Movie Review: ‘Bohemian Rhapsody’ tries to tell important story but falls flat

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“The problem with ‘Bohemian Rhapsody’ is [that] it doesn’t know whether it wants to tell his story or the story of the band” (Photo courtesy courtesy of imdb.com)

Allie Rosen

It’s crazy to think how influential the band Queen has been on pop culture. It’s even crazier to think how it took this long to make a biopic about its lead singer and arguably the greatest frontman in rock and roll history: Freddie Mercury. The problem with “Bohemian Rhapsody” is it doesn’t know whether it wants to tell his story or the story of the band.

“Bohemian Rhapsody” stars Rami Malek as Freddie Mercury and Lucy Boynton as Mary Austin, the love of Mercury’s life. The film was mostly directed by Bryan Singer, but Singer was fired for his conduct on and off set and was replaced by Dexter Fletcher halfway through (who only got a producer credit).

“Bohemian Rhapsody” follows Mercury and the story of Queen, the band’s rise to fame and Mercury’s ultimate self-destruction. Queen’s music is also front and center throughout the film.

What truly works in “Bohemian Rhapsody” is the powerful performance of Rami Malek. He steals the spotlight away from the rest of the movie and perfectly embodies the rock legend. For Rami Malek’s first major shift from TV to film, he showcases his range, as well as his dedication to character. Mercury was a flamboyant and reckless character searching for purpose and love, which Malek’s performance shows. It’s highly likely we will see Malek talked about when Academy Awards season comes around.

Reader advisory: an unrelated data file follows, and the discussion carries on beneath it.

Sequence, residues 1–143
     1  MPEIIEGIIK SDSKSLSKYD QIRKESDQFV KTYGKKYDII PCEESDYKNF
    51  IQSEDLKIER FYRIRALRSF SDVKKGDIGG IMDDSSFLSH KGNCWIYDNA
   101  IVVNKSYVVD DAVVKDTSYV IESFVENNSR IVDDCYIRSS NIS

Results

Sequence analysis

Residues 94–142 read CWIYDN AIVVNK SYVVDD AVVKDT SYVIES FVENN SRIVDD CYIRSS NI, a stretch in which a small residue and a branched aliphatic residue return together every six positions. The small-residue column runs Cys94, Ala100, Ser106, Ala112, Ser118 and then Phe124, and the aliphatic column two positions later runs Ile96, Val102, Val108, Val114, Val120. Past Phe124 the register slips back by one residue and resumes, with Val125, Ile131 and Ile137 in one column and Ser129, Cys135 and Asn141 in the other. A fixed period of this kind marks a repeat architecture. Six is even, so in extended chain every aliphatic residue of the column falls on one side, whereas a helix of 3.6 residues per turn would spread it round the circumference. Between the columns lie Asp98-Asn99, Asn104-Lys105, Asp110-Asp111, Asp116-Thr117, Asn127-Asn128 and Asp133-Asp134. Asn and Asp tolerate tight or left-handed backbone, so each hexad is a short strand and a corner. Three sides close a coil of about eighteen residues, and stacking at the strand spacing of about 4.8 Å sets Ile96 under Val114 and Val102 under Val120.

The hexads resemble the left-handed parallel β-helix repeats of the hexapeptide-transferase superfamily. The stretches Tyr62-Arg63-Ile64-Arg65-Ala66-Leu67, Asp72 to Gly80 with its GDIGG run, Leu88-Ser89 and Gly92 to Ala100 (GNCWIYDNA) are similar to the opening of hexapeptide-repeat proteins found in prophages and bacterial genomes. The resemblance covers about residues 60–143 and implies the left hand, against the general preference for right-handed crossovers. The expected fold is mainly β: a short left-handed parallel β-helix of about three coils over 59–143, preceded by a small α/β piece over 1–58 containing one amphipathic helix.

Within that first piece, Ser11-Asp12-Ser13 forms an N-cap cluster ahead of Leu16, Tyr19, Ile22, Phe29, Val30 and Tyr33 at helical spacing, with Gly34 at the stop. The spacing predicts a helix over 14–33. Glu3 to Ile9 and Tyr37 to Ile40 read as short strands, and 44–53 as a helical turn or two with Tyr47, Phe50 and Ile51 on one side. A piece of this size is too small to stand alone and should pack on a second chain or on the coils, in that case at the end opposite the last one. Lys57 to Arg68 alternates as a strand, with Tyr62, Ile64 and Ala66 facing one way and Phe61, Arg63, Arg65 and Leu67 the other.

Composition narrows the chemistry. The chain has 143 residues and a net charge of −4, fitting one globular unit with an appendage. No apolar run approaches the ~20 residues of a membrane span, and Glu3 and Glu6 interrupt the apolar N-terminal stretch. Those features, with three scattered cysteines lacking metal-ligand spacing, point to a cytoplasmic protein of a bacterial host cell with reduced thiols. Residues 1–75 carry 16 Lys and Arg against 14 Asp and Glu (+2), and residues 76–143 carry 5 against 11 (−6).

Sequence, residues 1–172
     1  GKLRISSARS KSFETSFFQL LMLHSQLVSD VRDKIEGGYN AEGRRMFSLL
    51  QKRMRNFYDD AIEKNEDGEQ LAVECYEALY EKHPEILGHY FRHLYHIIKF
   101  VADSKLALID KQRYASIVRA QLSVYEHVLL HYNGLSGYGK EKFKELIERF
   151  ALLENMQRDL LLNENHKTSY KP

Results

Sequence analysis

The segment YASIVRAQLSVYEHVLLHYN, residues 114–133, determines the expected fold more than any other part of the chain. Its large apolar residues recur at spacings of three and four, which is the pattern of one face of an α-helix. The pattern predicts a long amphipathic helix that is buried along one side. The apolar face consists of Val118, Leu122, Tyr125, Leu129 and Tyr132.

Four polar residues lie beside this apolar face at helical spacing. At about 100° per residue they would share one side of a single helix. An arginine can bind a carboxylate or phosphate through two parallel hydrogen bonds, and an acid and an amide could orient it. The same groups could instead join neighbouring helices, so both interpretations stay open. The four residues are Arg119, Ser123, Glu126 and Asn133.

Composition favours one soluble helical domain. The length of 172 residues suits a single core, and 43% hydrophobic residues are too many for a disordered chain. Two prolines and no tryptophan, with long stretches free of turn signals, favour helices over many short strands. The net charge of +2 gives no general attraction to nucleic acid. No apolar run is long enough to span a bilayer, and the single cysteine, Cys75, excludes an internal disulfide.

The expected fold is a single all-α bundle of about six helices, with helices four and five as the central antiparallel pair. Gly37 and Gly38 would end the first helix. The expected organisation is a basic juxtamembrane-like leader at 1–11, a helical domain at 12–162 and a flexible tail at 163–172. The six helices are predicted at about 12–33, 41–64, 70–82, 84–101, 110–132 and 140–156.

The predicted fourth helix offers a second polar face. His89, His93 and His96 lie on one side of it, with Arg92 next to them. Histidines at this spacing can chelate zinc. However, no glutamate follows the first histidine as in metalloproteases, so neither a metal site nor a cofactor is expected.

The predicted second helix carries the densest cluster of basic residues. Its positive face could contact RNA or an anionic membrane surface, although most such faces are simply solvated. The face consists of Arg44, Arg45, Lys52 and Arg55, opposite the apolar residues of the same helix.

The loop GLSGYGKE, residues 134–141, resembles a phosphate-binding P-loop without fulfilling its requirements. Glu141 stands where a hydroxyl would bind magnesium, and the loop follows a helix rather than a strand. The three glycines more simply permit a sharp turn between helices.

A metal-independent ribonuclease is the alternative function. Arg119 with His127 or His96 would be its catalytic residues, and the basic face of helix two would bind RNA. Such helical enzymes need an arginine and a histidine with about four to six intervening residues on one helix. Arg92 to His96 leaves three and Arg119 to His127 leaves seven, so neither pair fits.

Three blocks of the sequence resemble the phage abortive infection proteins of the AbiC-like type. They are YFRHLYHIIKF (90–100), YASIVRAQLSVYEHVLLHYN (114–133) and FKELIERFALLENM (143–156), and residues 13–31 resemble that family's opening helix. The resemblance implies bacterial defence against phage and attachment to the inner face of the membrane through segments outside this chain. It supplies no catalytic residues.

The last 30 minutes of “Bohemian Rhapsody” are truly special. The third act feels focused and powerful. Mercury’s struggle with self-destruction and the consequences of his decisions are on full display. The finale leaves the audience feeling electrified.

Sadly, this is where the pros of “Bohemian Rhapsody” come to an end. “Bohemian Rhapsody” takes many liberties in the timeline of Queen. The incredible third act of the film loses its power when you read that Queen didn’t reunite days prior to Live Aid and instead had been playing together for years before hand. Mercury’s decision to go solo is shown as egotistical in order to force drama into the story.

The first half of the film is egregiously bad. It feels much more like a well-made TV movie. It refuses to focus on a single scene or single performance that was seminal to the band and instead throws everything they possibly can at the screen and hoping it sticks. This leaves most of “Bohemian Rhapsody” feeling hollows and soul-less.

“Bohemian Rhapsody” also struggles with what it’s trying to be. It can’t decide whether it wants to be the story of Queen or the story of Mercury. The focus rides a wave between depicting the tumultuous interaction of the band to Mercury and back again. It takes the first two acts before it gives up on the band itself and just shows the downfall of Mercury.

What came out of “Bohemian Rhapsody” was the shell of a really interesting biopic of a man who redefined music, strived for love, and destroyed himself in the process. I can’t in good faith recommend this film, it’s a disappointment and it’s worth waiting until it shows up on HBO in a year. Instead, go listen to Queen and then read about one of the most important figures in music ever: Mercury.

“Bohemian Rhapsody” receives a 10/20.